20 January 2010

Alans article in the Leinster Leader

Schnitzels European Adventures.
The Big Freeze 2010.

So I’m in Spain, and all I keep hearing about is the weather in Ireland. The Homeland I call it. They are calling it the big freeze 2010, the coldest, snowiest and most paralyzed Ireland has ever been, or funnest if you ask anyone under the age of thirty. My mam told me on the phone that it was -12 degrees. I laughed. Silly mammy. Its not her fault, she’s from a simpler time. -12 bff ha ha. It can’t be minus 12 silly mammy. It can’t be -12, 0 is freezing. 0 is a block of ice. What happens if you freeze a block of ice? Nothing. It stays the same, its frozen, its already as cold as it can get. -12 doesn’t exist, 0 is cold enough, it’s the coldest. You hang on there lovely mammy, I’ll check the internet, silly billy. MINUS TWELVE!? What the, how the…what?
I was genuinely flabbergasted, I was sitting on a beach in a pair of floral shorts in Malaga, not even able to summon the imagination to pretend to understand such levels of extreme cold. How did this happen? And then it came to me; the feckin’ recession. Everyone has tightened their belts to the extent that they wont turn on the heating and this has led to freezing streets thus eventually the temperature drops to a moronic -12. It’s strange the world we live in, everyone is trying to be good, trying to save money, trying to cut back on power for the environment, and what do we get in return? The whole country freezes over. Thanks mother nature, real sound.
Here in Spain they use a system that we really should look into as a nation. They have a giant suspicious yellow ball that hovers in the sky and radiates heat. This is good as it provides the country with heat and light and therefore amalgamating those two treacherous bills. It must be a massive bill though, if it heats and lights the whole country? I hear you say. Well yes, it is quite a huge bill, but when they divide it between 45 million people, it really works out cheaper than our Irish bills.
On my travels I met a Swedish couple who were backpacking around Europe. And, as is usual with people you just met, conversation runs dry and you automatically switch to old faithful, the weather. Sure enough they said in a very sexy sleek swedish accent ‘In Sweden it is very cold’ to which I responded, ‘oh yeah? Ha ha well I feel sorry for you, I really do, but in Ireland its -12’. Then I leaned back with a smug look on my face. To which they replied with absolutely no comic timing ‘In Sweden it is -50.’ Obviously seeing my shocked and speechless expression they continued ‘basically, if you go outside, you die.’ For lack of anything better to do after my whole world was shaken up one more time I told them to shut up and kicked their backpacks. Then I left the room.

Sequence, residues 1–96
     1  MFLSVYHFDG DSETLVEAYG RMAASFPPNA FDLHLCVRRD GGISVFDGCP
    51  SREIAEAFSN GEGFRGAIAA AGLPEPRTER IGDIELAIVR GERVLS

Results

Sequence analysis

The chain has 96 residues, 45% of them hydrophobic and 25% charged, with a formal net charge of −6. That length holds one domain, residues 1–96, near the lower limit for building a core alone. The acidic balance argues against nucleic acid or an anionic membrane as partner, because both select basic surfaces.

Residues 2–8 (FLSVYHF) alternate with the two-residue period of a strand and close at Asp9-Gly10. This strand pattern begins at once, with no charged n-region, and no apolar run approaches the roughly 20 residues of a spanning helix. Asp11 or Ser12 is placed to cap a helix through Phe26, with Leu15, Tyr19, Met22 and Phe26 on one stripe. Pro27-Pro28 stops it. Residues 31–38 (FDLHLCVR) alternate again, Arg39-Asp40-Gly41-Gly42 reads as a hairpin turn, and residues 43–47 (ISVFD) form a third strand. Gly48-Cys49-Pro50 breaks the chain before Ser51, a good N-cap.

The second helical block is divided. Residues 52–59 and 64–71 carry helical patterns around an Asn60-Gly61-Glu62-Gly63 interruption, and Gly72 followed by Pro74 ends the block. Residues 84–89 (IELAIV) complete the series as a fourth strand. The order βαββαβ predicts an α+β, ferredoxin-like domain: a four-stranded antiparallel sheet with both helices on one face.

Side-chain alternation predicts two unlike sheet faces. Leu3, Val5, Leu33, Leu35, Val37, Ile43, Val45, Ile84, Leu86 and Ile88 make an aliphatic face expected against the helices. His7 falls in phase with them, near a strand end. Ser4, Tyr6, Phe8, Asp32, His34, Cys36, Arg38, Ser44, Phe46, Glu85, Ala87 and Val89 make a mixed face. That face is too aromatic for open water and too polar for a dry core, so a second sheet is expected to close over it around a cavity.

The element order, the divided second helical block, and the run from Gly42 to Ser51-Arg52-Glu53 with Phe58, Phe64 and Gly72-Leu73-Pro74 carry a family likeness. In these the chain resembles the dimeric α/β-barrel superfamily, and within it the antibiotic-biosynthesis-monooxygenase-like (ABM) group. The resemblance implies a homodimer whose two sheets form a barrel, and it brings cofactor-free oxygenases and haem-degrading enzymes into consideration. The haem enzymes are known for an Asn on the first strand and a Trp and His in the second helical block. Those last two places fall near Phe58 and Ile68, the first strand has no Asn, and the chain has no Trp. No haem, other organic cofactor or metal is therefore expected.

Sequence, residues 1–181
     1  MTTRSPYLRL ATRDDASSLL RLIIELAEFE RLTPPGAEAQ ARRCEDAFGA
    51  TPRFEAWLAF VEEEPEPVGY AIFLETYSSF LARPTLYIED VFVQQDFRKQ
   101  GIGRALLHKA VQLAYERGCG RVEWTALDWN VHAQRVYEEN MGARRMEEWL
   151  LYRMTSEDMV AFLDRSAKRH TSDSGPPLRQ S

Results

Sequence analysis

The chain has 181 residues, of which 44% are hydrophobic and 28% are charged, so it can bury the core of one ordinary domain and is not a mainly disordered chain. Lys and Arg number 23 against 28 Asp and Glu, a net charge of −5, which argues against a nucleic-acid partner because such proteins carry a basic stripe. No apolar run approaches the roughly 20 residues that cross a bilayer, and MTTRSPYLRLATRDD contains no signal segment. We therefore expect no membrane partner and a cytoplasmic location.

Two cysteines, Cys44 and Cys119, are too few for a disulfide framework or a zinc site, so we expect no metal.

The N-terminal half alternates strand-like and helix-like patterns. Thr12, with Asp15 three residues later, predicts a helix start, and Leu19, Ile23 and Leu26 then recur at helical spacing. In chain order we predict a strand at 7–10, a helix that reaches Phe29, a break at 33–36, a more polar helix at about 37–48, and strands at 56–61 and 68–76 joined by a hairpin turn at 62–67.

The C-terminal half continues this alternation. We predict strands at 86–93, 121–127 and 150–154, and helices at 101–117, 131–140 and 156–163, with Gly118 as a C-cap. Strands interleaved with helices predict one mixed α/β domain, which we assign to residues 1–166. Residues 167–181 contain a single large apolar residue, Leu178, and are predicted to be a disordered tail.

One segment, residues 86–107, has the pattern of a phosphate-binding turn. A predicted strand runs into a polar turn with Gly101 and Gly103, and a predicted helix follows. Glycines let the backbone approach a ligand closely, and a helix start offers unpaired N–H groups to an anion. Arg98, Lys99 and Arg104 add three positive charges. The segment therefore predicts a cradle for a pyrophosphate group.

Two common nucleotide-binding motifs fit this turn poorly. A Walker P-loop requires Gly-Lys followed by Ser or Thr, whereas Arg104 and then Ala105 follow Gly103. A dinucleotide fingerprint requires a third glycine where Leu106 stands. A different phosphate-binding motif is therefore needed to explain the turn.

Since all that I am glad to have received the news that someone has turned the heat back on and Ireland is back up to a trusty, comfortable 3 or 4 degrees.

Alans article in the Leinster Leader

Schnitzels European Adventures.
Madrid and Alvarro.

We were meeting friend in Madrid, Alvarro a guy who had done his erasmus in our college in Limerick last year. We were hoping he might have a driveway that we could pull into and sleep without any fear of being moved along by the police. We did not have his phone number so we spent the first 2 or 3 hours in Madrid walking around the lamp lit streets looking for an internet café. Alvarro had left us his number in an email. By the time we actually got out to his house it was 2am, his mother and sister were still up. This was not france. They did not have a driveway, but what they did have was bundles and bundles of kindness and generosity. Not only did they talk us into sleeping on their lovley warm couches, they also fed us, washed our clothes and told us about cool things to do. After two weeks in the van it was paradise.
Because of Alvarros wonderful family we found it very hard to leave Madrid and so we spent about a week on those couches eating that food, enjoying tremendously free warm showers. This gave us a lot of time to really explore the city. I suppose I was previously ignorant to Madrid. I knew it was the capital of Spain so it would be a big city, I knew Real Madrid were from there, but I was ignorant of the New Yorkness of it. Its really a massive city with bright lights that never cease. The town does not sleep, the massive Schwepps advertisement, akin to one of Times Square, would keep the streets alight with lack of sun.
The streets are crowded, mobility on Gran Via, the main street is no easy feat. If you were a thief escaping the scene of the crime you would be much better off trying to hide, fit in, camoflauge, with the masses than to run through them which I’m sure would prove impossible. Many of the streets when viewed from a raised focal point, ie the low wall of a fountain, are filled completely with just heads. On these streets the only option is to move with the crowd, there is no overtaking.